There was as well a girlfriend who survived my transition for a short time. She supported my decision then questioned it before finally having enough. She was tall and had long, black hair that was unmanageable in the rain. We met at work, where she remains as the lead of our former department. While we were together, the transience of our relationship was always clear to me: so losing her was for the most part an acquisition of time. On my final day at work, she said “I’ll see you tonight,” on the final day of our relationship, “I can’t believe you never changed your mind.” Admittedly, she was the main person whom I thought of when I mentioned “manifestations of a time and place.” But I say this with little bitterness (some is to be expected and warranted) and no sense of loneliness. We were never destined, and the pleasures of a partner I have easily found elsewhere. Not lost love or the quivering ubiquity of regret caused the way I live my life. I have not, as Dom Casmurro did, constructed a replica of the home where I grew up. A painting of a crucified Christ does not hang on my living room wall, as one did on my mother’s, there is no room for MLK on my mantelpiece, and peonies are not my flower of choice. Opening de Assis’s book, nonetheless, I am struck by an underlined sentence: “Life is filled with obligations that people meet however great a desire they have to shirk them.” The context is unclear, and my skimming is doing little to explain the passage, but this may be it, at least approximately. Perhaps it’s safe to say: I have not left my apartment simply because I do not want to. There seems to be no better reason than that. As I said before, nothing is stronger than my inclination to remain indoors, which I consider a function of sober contentment rather than anything else. I am fine as I am. My packages are never lost; friends and family visit when convenient, for them and me; and if there are moments when I want to speak or see someone who is not there, I seemingly always bump into a neighbor, at our mailboxes or during my short treks to the trash. There are six units, and I am the lone holdover from my move here. A line that floats around about one’s relationship with any group of people—professors and students, aging athletes and newcomers—is pretty apt here as well: I get older but they stay the same. Had I not seen and heard the semiregular arrival of movers and moving trucks, I’d be hard-pressed to distinguish the guy across the hall from his predecessors. The same can be said about the couple above me. Other than our chance meetings, they are little more than a collection of muffled voices and inconspicuous footsteps.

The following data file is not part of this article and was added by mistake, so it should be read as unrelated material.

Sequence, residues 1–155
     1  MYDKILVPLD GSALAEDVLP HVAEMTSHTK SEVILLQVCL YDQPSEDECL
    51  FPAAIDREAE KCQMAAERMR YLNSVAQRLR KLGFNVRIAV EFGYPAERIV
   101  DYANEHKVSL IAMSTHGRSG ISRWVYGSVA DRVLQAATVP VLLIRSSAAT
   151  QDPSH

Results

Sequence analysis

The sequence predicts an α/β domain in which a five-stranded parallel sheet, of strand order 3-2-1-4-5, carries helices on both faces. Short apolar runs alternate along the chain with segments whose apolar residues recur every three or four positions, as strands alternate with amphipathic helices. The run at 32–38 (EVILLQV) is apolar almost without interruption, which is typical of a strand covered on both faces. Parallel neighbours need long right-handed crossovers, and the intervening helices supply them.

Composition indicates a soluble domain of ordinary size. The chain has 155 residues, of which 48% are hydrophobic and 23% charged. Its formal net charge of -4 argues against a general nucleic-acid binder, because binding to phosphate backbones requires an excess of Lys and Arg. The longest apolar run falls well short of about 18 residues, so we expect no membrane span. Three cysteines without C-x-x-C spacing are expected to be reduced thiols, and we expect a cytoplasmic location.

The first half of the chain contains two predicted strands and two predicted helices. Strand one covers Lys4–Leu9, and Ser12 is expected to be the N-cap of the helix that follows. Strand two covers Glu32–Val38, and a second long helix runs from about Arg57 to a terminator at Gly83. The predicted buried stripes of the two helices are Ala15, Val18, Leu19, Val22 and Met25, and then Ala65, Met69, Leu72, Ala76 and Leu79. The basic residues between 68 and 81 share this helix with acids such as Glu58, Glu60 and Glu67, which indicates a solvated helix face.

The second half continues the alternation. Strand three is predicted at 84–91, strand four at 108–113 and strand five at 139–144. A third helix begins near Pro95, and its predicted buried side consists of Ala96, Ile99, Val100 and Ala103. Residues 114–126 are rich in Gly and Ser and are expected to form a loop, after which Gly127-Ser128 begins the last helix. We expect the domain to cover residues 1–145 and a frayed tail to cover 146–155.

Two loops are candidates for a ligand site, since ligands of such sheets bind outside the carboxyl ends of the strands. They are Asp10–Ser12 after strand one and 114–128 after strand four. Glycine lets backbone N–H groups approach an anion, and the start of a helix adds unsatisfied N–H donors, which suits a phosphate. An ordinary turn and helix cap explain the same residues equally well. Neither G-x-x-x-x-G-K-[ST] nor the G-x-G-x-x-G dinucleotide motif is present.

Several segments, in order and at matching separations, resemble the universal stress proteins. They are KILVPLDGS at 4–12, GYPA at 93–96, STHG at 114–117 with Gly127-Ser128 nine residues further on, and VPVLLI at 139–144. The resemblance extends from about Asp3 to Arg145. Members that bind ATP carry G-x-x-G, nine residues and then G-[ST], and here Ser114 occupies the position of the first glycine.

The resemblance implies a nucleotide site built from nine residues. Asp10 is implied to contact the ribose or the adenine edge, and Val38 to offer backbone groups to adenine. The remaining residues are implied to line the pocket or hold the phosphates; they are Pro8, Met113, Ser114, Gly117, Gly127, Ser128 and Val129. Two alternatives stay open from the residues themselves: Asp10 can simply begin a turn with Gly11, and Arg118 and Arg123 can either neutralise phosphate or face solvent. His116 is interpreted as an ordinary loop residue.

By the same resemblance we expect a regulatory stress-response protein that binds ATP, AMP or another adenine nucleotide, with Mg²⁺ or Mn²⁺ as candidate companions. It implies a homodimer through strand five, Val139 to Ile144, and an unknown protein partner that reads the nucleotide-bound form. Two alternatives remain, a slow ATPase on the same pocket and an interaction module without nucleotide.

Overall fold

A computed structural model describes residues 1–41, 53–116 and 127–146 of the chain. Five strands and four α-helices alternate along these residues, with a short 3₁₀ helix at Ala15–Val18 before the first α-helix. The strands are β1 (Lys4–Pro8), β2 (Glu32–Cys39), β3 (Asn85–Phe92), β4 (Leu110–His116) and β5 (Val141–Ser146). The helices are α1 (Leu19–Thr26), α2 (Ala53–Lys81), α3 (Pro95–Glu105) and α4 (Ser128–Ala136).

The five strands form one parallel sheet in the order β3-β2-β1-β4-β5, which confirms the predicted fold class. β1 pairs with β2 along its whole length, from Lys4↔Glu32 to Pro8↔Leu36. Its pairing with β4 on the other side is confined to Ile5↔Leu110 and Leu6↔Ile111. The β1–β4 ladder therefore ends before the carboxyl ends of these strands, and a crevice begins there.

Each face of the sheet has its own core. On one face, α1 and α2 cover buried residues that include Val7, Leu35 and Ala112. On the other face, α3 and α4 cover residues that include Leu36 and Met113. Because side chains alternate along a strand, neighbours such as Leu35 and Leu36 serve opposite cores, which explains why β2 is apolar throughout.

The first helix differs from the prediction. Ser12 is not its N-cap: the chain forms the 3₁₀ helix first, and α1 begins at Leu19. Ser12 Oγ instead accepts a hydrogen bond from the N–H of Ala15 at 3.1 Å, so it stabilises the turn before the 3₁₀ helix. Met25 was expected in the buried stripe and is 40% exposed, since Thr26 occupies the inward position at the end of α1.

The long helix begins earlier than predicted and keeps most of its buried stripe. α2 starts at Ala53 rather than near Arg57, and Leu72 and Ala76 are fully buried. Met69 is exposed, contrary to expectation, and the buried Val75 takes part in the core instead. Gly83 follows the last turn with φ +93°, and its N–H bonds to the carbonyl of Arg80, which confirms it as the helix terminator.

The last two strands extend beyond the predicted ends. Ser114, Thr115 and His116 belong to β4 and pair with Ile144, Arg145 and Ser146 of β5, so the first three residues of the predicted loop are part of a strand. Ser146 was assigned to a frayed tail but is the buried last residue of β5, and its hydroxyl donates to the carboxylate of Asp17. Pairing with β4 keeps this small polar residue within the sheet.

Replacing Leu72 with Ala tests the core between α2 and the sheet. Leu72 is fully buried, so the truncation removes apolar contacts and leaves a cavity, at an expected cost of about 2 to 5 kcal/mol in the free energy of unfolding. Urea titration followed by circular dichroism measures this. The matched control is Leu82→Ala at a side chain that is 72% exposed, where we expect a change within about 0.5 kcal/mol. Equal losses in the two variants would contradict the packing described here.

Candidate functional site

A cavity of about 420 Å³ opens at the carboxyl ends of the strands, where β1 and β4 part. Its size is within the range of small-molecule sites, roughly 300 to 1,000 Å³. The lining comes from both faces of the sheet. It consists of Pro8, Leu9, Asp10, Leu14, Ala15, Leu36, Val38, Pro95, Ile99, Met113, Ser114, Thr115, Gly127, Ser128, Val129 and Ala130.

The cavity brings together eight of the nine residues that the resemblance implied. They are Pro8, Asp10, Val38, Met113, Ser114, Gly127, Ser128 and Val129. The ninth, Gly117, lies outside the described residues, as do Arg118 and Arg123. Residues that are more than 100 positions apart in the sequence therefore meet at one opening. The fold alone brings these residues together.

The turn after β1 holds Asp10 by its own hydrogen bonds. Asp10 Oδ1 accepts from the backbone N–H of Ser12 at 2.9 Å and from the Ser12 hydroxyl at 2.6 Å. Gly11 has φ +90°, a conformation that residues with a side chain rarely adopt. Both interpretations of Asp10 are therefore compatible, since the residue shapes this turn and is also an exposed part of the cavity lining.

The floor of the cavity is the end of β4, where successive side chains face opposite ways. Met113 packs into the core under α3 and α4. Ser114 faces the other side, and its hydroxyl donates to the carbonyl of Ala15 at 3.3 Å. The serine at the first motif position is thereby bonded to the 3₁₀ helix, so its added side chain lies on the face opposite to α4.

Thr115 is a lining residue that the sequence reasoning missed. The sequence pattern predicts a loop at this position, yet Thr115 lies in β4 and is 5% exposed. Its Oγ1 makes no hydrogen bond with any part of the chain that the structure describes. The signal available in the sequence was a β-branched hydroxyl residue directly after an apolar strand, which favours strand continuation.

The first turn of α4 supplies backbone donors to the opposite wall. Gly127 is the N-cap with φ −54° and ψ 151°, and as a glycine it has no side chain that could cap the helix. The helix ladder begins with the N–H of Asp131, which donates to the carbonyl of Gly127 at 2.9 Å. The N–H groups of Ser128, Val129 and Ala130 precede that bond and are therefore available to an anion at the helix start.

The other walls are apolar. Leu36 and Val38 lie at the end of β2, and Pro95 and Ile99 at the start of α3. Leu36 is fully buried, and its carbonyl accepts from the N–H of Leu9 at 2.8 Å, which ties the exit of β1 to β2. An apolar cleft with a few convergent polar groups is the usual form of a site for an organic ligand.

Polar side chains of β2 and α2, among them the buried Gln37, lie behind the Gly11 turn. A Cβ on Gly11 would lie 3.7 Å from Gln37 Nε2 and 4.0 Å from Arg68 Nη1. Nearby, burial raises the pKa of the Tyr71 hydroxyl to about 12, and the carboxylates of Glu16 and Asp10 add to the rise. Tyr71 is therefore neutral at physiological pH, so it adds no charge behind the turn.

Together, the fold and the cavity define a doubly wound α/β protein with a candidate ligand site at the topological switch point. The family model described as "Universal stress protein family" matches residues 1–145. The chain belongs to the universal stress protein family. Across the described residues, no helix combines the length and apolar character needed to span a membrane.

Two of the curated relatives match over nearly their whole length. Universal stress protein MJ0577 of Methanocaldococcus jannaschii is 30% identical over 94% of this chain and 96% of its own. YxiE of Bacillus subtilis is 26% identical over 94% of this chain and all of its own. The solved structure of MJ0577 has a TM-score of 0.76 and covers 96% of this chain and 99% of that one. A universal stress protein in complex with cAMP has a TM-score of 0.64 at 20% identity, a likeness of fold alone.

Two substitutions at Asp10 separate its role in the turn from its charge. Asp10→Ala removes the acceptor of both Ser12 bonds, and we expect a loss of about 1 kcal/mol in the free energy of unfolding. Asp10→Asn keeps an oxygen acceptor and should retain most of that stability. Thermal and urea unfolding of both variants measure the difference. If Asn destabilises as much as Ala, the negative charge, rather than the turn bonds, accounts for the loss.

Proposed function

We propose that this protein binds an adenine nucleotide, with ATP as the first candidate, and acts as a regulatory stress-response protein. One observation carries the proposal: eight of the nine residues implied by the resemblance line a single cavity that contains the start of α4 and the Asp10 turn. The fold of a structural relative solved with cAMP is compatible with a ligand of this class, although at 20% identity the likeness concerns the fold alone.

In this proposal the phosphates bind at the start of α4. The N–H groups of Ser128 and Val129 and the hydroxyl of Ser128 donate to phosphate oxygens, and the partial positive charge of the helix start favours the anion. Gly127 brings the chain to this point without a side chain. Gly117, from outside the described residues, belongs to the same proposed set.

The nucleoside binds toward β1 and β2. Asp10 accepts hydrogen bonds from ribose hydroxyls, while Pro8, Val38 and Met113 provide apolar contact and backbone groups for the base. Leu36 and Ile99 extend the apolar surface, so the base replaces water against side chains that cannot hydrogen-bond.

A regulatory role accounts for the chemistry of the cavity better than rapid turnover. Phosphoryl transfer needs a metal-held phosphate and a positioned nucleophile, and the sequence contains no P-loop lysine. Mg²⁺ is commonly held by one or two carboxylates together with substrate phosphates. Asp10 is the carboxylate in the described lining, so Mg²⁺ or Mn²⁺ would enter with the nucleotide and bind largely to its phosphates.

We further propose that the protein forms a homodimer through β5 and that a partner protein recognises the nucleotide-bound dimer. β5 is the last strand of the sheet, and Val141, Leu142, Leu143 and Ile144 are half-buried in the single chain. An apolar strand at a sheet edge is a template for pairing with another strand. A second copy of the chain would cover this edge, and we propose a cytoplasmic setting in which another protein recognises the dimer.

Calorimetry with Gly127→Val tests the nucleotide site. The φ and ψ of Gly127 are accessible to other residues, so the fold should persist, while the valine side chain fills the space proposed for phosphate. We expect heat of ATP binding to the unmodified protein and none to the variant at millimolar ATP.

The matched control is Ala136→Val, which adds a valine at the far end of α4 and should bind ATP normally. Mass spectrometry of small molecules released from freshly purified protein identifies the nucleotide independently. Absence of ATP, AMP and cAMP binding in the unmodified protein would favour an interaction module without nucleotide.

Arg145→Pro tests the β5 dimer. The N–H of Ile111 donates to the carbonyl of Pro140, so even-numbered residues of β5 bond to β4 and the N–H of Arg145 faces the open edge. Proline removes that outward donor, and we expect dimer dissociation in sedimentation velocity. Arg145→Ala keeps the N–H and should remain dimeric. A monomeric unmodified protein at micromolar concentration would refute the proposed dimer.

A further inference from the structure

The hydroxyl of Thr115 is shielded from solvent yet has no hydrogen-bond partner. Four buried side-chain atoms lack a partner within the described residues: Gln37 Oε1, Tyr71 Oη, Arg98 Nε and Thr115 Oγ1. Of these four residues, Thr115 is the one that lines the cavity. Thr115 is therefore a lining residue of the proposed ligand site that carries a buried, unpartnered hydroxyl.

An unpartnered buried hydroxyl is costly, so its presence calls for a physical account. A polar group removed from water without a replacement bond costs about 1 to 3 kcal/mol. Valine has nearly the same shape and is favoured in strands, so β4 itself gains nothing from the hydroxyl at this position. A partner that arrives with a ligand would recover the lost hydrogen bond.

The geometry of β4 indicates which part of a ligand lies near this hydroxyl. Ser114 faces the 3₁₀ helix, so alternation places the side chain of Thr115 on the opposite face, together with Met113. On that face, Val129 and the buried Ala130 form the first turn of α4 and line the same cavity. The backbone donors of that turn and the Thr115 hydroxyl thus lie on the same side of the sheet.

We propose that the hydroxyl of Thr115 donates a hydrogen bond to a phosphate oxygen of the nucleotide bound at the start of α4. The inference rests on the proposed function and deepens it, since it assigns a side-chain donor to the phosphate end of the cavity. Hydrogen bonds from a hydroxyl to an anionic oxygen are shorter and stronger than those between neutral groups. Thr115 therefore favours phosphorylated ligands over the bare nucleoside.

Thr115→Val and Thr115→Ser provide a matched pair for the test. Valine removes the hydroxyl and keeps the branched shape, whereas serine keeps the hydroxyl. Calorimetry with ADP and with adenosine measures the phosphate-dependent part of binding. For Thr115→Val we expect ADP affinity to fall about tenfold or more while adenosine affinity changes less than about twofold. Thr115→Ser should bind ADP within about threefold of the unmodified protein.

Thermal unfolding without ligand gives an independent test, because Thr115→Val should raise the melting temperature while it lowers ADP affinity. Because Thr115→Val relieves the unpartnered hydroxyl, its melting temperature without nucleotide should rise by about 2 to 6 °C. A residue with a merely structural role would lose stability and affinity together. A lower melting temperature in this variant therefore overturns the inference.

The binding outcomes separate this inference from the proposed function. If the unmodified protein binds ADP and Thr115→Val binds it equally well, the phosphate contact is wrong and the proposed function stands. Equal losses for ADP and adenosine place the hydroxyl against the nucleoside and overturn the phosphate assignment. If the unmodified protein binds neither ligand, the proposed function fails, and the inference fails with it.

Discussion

Fortunate for me because the only thing more difficult to imagine than going to an office every morning is possibly trudging to a writer’s space at some point during the day. I was unaware of this trend until fairly recently when I read an article online. As I understand it, there are some people with professional arrangements like mine (the “gig economy” it’s apparently called) who nevertheless spend their working hours at shared spaces with desks and eat-in kitchens, their fill of coffee and tea, and WiFi, all I must say are amenities of my apartment. Nevertheless, these places are everywhere supposedly, New York, Hamburg, and even Charlottesville, Virginia, go figure. It may work for the rest of the world, but it could not for me. My kitchen cabinets are filled and there is never a line in my bathroom; my desk, too, is solid and oak, and it is unfathomable any place has one as nice and well-built as mine. Its surface holds a printer, laptop, a saucer and plate, and a nice-size cup as well. The kicker is it does all of this while also having a desktop drawer and two more running down my right-hand side. I have no idea who owned it previously, but they must have been forced to give it away. No one would willingly depart with a desk this wonderful. If I had it my way, though, it would have belonged to an old professor and gifted to him at retirement, as nobody could take his place. The college where he taught was small and remote, naturally; and there, for decades, he listened to the same problems from different students, shuffling into his golden years before transitioning mid-slumber into his final sleep. A shame that after his widow died his family had no room for it.